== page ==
Raw carbon fiber is made with extremely thin, strong fibers. These fibers come in many different grades—or in engineering terms “modulus”— based on the material’s strength and stiffness. The higher the grade, the more it costs.
Higher grades of carbon fiber have a higher tensile modulus and are therefore stiffer. This is a good thing. However, high-grade carbon fiber can also be trickier to work with because of the need to maintain a balance between stiffness, strength and durability. It’s that balance that Felt always strives for. A frame that’s simply lighter, or stiffer, isn’t necessarily better. The goal is to balance all the elements that make a bike perform best when it hits the road or trail.
In addition to being a challenge to optimize, higher-grade carbon fiber is also more expensive. For these reasons, many bicycle manufacturers steer clear of the material. But Felt believes the investment is worthwhile. Starting with the best materials available is essential to achieving the ride quality our engineers, and our professional athletes, demand.
There are many ways to use carbon fiber in bicycle manufacturing. At one end of the spectrum is an age-old method called lug-and-tube. This is the way steel-tube frames have been built for more than a century. With this method, carbon fiber tubes are bonded to lugs, which can be made from aluminum, titanium or carbon fiber. The tubes are inserted into the lugs and the joint is glued together.
The lug-and-tube technique typically uses an overlap of extra material and therefore results in a frame that’s heavier than necessary. This type of construction also produces a “flatter” ride feel because it requires many individual parts and overbuilt intersections.
At the opposite extreme is the technique used by Felt: Dynamic Monocoque Construction. We start with sheets of unidirectional fiber (picture long, straight, black hair). These sheets can be made from fibers with different levels of modulus (60T, 40T and 30T), depending on the intended usage of the bike. They can also be mixed and matched. All of Felt’s carbon fiber bikes feature a blend of materials, which is why we call them UHC, or Ultra Hybrid Carbon.
There are three levels of UHC frames: UHC Ultimate+Nano, UHC Advanced and UHC Performance. Each targets different types of riders and serves different goals. For instance, is the bike aimed at competitive racers who favor light weight and pure performance over everything else? Or is it a sprinter’s bike, built for someone who prefers additional stiffness at the cost of a few grams?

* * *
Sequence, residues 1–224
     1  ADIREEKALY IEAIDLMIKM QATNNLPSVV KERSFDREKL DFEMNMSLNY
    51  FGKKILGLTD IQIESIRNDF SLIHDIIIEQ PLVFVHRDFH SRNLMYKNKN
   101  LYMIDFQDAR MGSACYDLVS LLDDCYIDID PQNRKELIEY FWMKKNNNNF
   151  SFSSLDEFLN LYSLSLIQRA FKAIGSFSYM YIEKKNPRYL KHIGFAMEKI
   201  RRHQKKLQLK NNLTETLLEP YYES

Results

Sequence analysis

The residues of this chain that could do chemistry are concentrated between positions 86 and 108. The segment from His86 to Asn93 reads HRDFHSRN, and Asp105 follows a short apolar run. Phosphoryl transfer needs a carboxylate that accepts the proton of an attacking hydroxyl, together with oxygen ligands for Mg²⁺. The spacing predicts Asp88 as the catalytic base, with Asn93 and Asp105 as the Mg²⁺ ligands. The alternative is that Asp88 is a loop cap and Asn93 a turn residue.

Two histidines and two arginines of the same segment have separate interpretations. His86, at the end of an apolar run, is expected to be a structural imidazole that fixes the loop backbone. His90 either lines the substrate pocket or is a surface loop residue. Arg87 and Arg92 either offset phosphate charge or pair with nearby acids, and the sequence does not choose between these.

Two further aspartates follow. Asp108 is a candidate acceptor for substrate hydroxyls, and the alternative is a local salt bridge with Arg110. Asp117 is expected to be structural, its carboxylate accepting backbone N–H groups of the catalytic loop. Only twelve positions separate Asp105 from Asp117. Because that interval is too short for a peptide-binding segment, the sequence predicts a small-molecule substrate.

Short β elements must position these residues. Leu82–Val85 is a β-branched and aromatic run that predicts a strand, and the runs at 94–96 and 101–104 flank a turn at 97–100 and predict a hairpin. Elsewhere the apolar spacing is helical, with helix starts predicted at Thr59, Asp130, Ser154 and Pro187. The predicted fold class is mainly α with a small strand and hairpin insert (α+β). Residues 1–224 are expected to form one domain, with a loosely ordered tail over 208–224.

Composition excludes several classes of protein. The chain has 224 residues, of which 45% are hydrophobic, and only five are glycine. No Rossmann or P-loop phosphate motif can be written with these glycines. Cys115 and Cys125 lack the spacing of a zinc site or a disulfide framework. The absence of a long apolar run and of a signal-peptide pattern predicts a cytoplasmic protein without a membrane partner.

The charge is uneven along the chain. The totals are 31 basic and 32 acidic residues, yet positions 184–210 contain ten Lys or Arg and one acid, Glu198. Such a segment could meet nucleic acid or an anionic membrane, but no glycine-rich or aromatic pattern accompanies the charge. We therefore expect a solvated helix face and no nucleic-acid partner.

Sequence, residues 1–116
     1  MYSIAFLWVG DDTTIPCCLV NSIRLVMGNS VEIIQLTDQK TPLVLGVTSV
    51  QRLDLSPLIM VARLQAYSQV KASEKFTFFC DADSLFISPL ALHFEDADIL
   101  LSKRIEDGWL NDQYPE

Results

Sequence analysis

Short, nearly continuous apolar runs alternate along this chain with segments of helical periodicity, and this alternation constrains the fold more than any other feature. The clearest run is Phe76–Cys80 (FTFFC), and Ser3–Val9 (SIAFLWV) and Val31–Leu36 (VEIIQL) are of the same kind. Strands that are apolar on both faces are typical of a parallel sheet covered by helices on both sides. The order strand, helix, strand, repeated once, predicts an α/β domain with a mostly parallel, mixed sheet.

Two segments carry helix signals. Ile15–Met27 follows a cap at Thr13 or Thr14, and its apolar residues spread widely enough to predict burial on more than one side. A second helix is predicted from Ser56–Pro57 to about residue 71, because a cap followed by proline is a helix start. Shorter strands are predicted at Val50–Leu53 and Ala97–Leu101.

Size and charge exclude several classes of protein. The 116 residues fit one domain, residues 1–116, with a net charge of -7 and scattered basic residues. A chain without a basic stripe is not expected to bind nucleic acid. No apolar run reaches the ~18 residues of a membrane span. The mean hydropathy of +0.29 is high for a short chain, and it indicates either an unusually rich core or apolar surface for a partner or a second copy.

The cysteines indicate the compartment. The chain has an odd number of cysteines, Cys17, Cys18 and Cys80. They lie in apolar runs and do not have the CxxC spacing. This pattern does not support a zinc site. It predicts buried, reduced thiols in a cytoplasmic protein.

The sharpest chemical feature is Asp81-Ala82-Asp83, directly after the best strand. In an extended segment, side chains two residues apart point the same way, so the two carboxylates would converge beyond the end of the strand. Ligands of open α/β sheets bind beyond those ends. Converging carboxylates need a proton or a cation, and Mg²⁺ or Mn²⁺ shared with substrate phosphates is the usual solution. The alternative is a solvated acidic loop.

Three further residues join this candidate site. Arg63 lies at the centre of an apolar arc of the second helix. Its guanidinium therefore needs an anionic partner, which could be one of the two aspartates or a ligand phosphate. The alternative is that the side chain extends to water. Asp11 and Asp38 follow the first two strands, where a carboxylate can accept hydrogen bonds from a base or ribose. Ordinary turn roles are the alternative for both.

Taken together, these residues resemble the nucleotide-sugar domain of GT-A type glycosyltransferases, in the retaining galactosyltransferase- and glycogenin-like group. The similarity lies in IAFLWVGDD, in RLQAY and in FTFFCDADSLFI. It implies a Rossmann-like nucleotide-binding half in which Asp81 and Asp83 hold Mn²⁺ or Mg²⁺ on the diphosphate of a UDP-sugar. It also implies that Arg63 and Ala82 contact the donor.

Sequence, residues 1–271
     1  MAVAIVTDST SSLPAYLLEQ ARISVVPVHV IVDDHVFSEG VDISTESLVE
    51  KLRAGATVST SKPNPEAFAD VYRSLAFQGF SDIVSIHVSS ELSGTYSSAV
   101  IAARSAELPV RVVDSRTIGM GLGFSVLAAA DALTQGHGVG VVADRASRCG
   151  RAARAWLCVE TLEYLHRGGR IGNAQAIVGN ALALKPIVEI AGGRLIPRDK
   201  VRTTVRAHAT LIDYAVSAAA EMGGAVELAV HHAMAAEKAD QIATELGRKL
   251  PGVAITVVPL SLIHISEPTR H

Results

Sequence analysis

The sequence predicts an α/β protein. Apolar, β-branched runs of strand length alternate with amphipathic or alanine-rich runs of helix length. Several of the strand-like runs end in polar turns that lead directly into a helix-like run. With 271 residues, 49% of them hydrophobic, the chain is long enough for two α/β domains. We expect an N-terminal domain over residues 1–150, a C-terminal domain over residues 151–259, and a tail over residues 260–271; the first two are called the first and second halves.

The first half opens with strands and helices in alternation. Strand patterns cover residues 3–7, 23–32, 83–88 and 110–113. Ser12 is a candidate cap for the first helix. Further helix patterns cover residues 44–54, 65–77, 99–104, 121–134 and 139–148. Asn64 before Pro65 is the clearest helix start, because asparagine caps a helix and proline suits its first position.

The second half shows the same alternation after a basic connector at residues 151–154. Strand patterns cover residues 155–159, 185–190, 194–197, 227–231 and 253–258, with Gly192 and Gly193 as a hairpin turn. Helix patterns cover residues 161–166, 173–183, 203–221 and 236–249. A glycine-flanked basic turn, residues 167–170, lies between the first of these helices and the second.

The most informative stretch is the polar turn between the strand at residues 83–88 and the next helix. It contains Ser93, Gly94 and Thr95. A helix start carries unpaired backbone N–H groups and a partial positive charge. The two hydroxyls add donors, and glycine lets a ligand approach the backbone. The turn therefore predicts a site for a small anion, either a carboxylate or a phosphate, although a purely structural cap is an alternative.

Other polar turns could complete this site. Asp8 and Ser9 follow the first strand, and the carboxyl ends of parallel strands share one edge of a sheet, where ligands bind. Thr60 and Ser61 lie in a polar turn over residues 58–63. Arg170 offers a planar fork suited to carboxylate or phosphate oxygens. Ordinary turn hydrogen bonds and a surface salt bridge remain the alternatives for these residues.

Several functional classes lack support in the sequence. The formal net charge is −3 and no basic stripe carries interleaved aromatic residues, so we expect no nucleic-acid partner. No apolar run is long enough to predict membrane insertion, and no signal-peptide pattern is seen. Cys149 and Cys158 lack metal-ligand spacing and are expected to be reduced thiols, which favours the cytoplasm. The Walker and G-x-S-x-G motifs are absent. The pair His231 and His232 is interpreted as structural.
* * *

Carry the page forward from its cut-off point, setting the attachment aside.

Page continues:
The different types of carbon fiber can also be precisely positioned in the frame to take maximum advantage of their specific properties. For example, stiffer fiber plies may be used in areas of peak stress such as the bottom bracket shell and down tube while higher-strength fiber plies are used in areas particularly susceptible to impact.
Once the perfect blend of materials is established through CAD modeling, prototype testing and athlete feedback the final recipe is documented for production—this is called the “lay-up schedule.” The lay-up schedule details the types of materials and exactly how they are assembled to produce the frame, outlining the exact order and orientation of all the individual carbon fiber sheets, or “plies,” which are assembled by hand to create the frame. These plies come “pre-impregnated” with resin, and each is meticulously cut to the shapes needed to construct the frame.
The plies get strategically laid onto specially shaped internal molds, and once that process is complete the material is placed into a symmetrically split CNC-machined mold (think waffle iron). The mold halves are then closed and locked, and the frame gets formed with a precise amount of pressure and heat.
With high-end performance bikes such as the F1, DA, Edict, or F1X, Felt takes the process a few steps further. One of Felt’s key technological manufacturing breakthroughs is a proprietary molding process called InsideOut Internally Optimized Molding. By placing specially designed molds inside the frames during this process, Felt is able to eliminate any excess material inside the carbon fiber tubing.
“These inserts really clean up the inside of the frames,” says Felt engineer Ty Buckenberger. “The bottom bracket and other junctions are all nice and clean with no excess material inside.”